When the sky turns its back on the day,
I wish I could forget the color white.
The sleek curve of her collarbone
at midday, at dusk, at the moment
before unconsciousness. The unknowing
effect of this cruel, soft sickle. So like
a handle, it waits to be gripped. I don’t
know what to do with my hands.
Today they sparked at every brush of
contact with an inanimate object,
the wall, the light switch, the shaft
of a knife. I watch the blade slice
through the marrow of a fruit,
that sleek curve of color that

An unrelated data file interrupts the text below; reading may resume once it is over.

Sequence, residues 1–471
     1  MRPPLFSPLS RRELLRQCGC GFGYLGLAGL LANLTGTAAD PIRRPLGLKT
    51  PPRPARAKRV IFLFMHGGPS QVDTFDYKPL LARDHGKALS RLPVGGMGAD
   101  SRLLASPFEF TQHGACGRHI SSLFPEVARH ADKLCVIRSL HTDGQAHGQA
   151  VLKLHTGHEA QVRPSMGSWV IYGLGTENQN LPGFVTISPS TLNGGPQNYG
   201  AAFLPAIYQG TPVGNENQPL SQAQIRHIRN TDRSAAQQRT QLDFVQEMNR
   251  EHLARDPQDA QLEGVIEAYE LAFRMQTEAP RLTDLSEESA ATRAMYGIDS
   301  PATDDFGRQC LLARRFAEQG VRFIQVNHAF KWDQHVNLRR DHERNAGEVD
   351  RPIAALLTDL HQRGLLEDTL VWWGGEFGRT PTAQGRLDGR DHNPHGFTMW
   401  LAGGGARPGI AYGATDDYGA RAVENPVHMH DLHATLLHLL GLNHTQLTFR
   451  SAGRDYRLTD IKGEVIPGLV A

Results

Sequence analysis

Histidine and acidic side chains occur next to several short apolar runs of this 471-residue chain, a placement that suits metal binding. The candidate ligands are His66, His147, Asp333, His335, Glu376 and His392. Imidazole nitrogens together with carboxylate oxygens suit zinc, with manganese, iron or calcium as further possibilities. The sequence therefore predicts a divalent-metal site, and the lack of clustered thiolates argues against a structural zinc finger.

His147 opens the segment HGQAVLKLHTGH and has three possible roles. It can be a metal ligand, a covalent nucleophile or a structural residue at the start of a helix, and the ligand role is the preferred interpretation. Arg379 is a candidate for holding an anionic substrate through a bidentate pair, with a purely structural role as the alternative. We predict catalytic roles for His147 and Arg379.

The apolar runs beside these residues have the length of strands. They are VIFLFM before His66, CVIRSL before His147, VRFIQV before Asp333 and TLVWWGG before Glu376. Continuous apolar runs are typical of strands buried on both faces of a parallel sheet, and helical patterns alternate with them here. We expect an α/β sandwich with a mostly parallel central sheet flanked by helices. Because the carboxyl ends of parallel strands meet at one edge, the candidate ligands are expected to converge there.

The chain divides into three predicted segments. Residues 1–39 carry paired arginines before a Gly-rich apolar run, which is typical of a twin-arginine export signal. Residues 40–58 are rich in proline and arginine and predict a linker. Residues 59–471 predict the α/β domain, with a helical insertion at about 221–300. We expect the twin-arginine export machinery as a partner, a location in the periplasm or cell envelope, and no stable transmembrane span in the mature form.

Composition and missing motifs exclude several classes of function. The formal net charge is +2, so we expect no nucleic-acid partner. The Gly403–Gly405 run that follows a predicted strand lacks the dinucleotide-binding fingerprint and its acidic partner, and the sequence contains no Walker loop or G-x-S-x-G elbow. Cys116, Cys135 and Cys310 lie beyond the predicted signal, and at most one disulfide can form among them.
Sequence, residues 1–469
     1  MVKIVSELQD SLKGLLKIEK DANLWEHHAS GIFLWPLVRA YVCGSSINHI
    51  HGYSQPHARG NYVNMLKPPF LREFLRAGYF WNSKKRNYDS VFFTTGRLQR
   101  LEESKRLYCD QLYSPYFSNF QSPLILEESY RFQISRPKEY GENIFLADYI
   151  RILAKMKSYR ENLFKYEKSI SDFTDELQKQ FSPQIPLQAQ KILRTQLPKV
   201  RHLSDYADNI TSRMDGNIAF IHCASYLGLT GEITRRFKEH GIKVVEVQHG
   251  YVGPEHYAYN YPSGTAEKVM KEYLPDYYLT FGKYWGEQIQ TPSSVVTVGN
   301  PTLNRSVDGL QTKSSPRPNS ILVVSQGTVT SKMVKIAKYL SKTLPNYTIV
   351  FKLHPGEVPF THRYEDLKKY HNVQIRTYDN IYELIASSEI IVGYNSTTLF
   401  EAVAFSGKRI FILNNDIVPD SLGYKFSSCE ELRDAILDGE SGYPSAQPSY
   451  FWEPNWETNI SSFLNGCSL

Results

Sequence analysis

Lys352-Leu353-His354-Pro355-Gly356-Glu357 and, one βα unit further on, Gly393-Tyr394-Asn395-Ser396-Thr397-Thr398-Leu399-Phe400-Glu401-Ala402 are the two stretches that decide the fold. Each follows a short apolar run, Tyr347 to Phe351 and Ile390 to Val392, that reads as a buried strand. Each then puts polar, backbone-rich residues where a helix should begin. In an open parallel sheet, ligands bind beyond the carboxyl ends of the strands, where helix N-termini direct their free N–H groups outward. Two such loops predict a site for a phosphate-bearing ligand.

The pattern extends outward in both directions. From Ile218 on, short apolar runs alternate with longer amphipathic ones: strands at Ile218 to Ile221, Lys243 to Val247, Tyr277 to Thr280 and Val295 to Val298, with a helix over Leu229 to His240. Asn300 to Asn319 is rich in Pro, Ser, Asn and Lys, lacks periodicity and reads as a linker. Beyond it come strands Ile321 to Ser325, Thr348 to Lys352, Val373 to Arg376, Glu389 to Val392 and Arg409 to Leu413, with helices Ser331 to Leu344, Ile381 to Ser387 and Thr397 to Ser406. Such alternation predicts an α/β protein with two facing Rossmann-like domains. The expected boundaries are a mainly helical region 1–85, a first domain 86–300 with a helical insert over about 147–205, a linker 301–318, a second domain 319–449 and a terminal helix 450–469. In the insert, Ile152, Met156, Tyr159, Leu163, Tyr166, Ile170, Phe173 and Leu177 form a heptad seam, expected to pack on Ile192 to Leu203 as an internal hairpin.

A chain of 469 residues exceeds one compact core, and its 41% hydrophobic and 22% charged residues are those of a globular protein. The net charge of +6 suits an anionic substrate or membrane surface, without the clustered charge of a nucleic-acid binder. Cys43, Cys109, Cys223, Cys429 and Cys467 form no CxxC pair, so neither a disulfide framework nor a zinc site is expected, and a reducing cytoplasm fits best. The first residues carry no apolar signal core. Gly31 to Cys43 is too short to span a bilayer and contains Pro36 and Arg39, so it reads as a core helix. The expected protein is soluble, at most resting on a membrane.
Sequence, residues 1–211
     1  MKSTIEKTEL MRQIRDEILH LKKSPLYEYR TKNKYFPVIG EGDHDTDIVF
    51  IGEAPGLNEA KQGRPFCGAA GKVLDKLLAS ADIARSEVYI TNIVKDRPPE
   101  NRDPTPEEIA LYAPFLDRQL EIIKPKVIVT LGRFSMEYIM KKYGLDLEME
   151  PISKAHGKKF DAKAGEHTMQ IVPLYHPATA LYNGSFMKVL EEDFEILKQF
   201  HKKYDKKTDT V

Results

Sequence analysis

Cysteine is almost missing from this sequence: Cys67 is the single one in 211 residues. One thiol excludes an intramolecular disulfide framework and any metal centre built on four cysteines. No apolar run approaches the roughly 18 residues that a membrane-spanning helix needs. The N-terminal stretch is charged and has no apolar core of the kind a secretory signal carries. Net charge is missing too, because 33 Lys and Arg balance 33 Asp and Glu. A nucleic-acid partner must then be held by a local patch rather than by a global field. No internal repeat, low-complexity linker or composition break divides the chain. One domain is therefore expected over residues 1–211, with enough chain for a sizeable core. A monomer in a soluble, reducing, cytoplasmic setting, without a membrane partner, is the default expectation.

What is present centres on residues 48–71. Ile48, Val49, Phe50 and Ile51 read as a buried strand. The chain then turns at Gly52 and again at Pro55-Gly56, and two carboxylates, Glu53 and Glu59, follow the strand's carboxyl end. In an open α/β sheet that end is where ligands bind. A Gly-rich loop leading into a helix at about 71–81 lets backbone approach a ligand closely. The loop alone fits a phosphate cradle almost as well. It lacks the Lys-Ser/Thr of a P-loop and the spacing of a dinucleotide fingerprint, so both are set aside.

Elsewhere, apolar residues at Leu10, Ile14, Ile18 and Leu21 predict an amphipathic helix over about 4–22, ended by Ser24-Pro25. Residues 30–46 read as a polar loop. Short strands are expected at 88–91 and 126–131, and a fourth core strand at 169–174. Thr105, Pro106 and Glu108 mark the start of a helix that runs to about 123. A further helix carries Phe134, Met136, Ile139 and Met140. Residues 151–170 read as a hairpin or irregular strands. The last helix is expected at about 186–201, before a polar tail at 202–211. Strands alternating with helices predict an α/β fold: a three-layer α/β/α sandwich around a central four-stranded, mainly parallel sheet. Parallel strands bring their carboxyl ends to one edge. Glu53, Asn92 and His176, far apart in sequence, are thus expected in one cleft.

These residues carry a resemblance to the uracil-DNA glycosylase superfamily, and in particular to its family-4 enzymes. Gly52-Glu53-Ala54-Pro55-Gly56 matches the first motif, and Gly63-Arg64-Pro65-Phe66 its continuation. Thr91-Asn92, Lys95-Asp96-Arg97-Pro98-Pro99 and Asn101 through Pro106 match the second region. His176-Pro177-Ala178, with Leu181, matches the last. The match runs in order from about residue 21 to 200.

makes me forget.
Mariel Fechik lives in Chicago, IL and works in a library. She sings for the band Fay Ray and writes music reviews for Atwood Magazine and Third Coast Review. Her work has been nominated for Best of the Net and Bettering American Poetry, and has appeared in Hobart, Tinderbox Poetry Journal, Cream City Review, Barren Magazine, and others. She is the author of Millicent (Ghost City Press, 2019) and An Encyclopedia of Everything We’ve Touched (Ghost City Press, 2018).